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The AirFlow Starship Aims To Break All Records For Class 8 Truck Fuel Efficiency

Major efforts have been undertaken in both reducing drag and imroving efficiency of the StarShip

The area under the cab of the Starship is completely flat in order to improve aerodynamic efficiency

With new cars being designed with improved aerodynamics to assist both performance and reduce fossil fuel consumption, the trucking industry is looking at the same issues. No doubt you’ve seen Class 8 tractor-trailer rigs with devices fitted like roof fairings, aerodynamic side mirrors, cab extenders to help fill the gap between cab and trailer, and side fairings hanging from the bottom of the trailer itself. In fact, there are probably more aero add-ons available for a big rig than a Honda Civic.

But what’s the actual effect if one were to take an integrated approach to optimize all areas of the tractor-trailer that the wind passes over? That’s what Bob Sliwa has been pondering since he founded AirFlow Truck Company in 1983. After a misspent youth drag racing a 1965 GTO and then a 1966 L88 Chevelle SS he decided to start a trucking company, first as an owner-operator.

Fast forward to 2009 when AirFlow developed its first hyper-efficient Class 8 rig. Equipped with a K&N air filter and nicknamed the BulletTruck, its nose looked like a cross between a Shinkansen and an NHRA Pro Stocker.

The solar panels are capable of generating 5000 watts of electricity that can help run the truck

The gap between cab and trailer is electonically-controlled while solar panels contribute power

AirFlow has now partnered with Shell and its Rotella brand of diesel lubricants to develop the most fuel-efficient Class 8 tractor-trailer combination ever to hit the road. This next-generation concept truck, named Starship, features an integrated aerodynamic design applied across the rig. Some of the features are active, rather than passive as in existing trucks, meaning they will respond to the circumstances in which the truck is being operated to maximize efficiency.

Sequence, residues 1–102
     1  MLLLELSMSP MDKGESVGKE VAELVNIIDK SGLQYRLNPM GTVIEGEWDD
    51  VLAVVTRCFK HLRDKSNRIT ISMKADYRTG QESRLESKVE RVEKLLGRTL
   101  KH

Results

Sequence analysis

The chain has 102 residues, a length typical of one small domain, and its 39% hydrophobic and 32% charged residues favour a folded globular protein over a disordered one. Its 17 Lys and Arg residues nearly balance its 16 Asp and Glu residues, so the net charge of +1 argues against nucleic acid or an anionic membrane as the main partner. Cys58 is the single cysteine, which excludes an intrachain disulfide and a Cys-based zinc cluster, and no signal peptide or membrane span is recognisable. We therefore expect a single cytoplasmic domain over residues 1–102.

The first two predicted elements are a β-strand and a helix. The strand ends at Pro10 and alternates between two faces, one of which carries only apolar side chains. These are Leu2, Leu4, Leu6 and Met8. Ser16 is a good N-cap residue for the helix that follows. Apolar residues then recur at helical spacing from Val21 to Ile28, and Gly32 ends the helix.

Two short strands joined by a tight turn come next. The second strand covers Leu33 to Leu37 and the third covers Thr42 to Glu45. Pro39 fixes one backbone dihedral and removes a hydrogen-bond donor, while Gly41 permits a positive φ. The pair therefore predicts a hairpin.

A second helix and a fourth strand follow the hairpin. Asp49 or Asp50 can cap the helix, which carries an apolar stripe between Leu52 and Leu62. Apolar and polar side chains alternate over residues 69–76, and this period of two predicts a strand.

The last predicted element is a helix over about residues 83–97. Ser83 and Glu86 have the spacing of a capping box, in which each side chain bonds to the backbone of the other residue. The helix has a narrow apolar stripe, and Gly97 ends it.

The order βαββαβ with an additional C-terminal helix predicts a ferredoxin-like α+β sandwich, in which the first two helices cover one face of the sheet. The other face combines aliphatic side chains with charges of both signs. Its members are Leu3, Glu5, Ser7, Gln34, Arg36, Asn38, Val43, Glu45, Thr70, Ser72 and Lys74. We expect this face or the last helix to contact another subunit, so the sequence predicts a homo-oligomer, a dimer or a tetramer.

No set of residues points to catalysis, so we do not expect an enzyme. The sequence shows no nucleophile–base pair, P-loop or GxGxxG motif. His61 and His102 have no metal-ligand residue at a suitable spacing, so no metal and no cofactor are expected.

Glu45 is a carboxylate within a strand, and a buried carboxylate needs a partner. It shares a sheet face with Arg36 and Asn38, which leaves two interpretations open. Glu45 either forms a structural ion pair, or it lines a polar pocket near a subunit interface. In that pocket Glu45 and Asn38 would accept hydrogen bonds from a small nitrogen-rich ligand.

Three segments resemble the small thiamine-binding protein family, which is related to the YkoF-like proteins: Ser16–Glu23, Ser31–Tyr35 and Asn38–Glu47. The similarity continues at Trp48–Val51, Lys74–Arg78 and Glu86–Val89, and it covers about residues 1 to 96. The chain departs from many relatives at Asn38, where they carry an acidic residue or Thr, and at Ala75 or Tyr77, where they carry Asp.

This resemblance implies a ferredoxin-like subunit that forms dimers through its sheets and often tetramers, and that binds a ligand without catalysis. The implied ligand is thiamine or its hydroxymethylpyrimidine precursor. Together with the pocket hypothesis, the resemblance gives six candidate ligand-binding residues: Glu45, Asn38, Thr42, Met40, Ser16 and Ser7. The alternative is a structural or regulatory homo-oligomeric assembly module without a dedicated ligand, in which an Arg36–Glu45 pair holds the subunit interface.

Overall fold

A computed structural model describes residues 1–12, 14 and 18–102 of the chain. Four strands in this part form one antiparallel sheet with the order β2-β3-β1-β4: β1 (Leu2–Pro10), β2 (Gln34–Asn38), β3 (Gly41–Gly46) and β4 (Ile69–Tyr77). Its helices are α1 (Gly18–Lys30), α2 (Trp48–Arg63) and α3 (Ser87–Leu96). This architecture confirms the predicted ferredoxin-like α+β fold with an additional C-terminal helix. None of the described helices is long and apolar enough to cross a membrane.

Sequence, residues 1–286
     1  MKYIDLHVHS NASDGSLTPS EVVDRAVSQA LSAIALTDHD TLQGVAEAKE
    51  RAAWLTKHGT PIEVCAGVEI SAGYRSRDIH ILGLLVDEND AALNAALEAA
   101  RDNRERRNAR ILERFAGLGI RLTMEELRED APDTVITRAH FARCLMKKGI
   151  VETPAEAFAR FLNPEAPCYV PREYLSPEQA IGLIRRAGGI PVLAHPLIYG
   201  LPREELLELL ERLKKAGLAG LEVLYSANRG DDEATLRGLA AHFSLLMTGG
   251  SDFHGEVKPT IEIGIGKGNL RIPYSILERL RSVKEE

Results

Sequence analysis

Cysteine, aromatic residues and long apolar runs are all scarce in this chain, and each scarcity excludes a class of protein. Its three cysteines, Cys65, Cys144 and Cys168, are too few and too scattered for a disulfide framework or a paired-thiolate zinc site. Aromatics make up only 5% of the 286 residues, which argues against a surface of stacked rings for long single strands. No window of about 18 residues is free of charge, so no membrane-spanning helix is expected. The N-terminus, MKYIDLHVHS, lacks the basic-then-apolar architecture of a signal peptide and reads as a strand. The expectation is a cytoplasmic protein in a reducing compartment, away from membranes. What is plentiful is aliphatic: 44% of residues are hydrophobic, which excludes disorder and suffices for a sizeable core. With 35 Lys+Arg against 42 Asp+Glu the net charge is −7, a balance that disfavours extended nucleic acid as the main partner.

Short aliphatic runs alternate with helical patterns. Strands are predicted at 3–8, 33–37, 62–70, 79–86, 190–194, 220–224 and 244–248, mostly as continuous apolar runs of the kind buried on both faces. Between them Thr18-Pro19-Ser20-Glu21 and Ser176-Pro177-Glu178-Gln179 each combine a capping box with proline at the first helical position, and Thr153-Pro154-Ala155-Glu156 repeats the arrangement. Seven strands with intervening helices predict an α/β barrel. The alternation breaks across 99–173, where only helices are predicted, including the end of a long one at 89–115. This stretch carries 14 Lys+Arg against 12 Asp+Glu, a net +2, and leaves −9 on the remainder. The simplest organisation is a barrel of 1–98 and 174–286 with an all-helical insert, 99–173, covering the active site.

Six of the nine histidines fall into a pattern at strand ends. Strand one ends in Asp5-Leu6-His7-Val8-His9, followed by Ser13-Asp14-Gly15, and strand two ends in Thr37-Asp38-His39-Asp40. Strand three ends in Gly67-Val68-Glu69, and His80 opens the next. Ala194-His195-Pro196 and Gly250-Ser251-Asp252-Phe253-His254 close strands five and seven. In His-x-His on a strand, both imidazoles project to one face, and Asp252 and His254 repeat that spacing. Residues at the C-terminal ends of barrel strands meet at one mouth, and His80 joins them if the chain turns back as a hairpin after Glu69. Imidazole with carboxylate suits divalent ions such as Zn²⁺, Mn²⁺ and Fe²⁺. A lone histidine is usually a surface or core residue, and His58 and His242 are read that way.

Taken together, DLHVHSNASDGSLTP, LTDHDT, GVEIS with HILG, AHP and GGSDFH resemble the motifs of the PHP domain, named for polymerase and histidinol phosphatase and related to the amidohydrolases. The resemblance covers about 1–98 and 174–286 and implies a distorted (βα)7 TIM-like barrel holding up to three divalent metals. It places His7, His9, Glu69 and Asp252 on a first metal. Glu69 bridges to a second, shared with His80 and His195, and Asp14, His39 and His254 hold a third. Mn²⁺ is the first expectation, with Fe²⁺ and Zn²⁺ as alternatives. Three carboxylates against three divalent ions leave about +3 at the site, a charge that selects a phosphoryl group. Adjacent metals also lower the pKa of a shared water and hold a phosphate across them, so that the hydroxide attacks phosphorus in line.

For example, the drag-inducing space between cab and trailer is closed by an electronically-controlled gap sealer. The system monitors the position of the truck in relation to the trailer retracting the sealer so that tight turning maneuvers don’t damage the gap sealer but then moves it back into place at highway speeds.

The underside of both the truck and trailer is completely flat, which eliminates a great deal of turbulence-induced parasitic drag that the engine must overcome, especially at highway speeds. This both increases fuel consumption but also limits the revenue-generating load the truck can carry.

Air flow management is a critical component of the StarShip's design

Even how the air exits from under the hood has been treated for aerodynamic efficiency

The trailer itself benefits from the extensive use of carbon-fiber material, which is not only exceptionally strong and lightweight but can be molded into aerodynamically-efficient shapes. The same material is used for the cab as well.

On the roof of the trailer is a 5000 watt solar array, while there’s a regenerative braking system on the trailer’s rear axle that collects otherwise lost energy on downhill runs. Power can be stored in a battery system like a Tesla, then used to drive the electrical systems of the truck (eliminating the drag of an alternator, thus achieving yet another improvement in engine efficiency).

The engine is an X15 high-efficiency diesel from Cummins, offering the highest fuel economy in the industry. Because of the aerodynamic efficiency of the Starship, it doesn’t need to push its engine as hard as conventional trucks. So instead of running at the advertised governed speed of 1800/2000 rpm, the StarShip will redline at 1100 rpm, contributing to significant fuel savings. The engine is fitted with a unique Eaton transmission modified specifically for the Starship.

Those fuel savings actually relate to the weight capacity of the truck as well. Instead of the standard 250-gallon fuel capacity, the Starship will be fitted with a 100-gallon fuel tank. At seven pounds per gallon for diesel fuel, that’s a weight savings of over a half a ton that can instead be used to carry revenue-generating cargo.

The aerodynamics panels help the air reattach after passing over the truck, reducing drag

Even the trailer end has received an aerodynamic treatment to further reduce parasitic drag

The 15L DOHC 16-valve X15 engine features a variable-geometry turbocharger fed by an advanced prototype K&N air filter based on the 38-2027S, as builders wanted the filter to fit in a stock housing. Lessons learned from K&N’s participation in this project will be applied to improve future filter designs.

Improvements in aerodynamics on the truck have netted a 50% reduction in drag versus current trailer-trailer combinations. But there are other areas, particularly those affected by friction, that are addressed on the Starship as well, including low viscosity synthetic lubricants, low rolling resistance tires whose inflation pressures are constantly monitored and maximized for economic operation and long wear.

If you’re going to be attending the Mid-America Trucking Show in Louisville, Kentucky, from March 22 through March 24, be certain to stop by the Shell booth and take a first-hand look at the future of trucking as exemplified by the AirFlow Starship.


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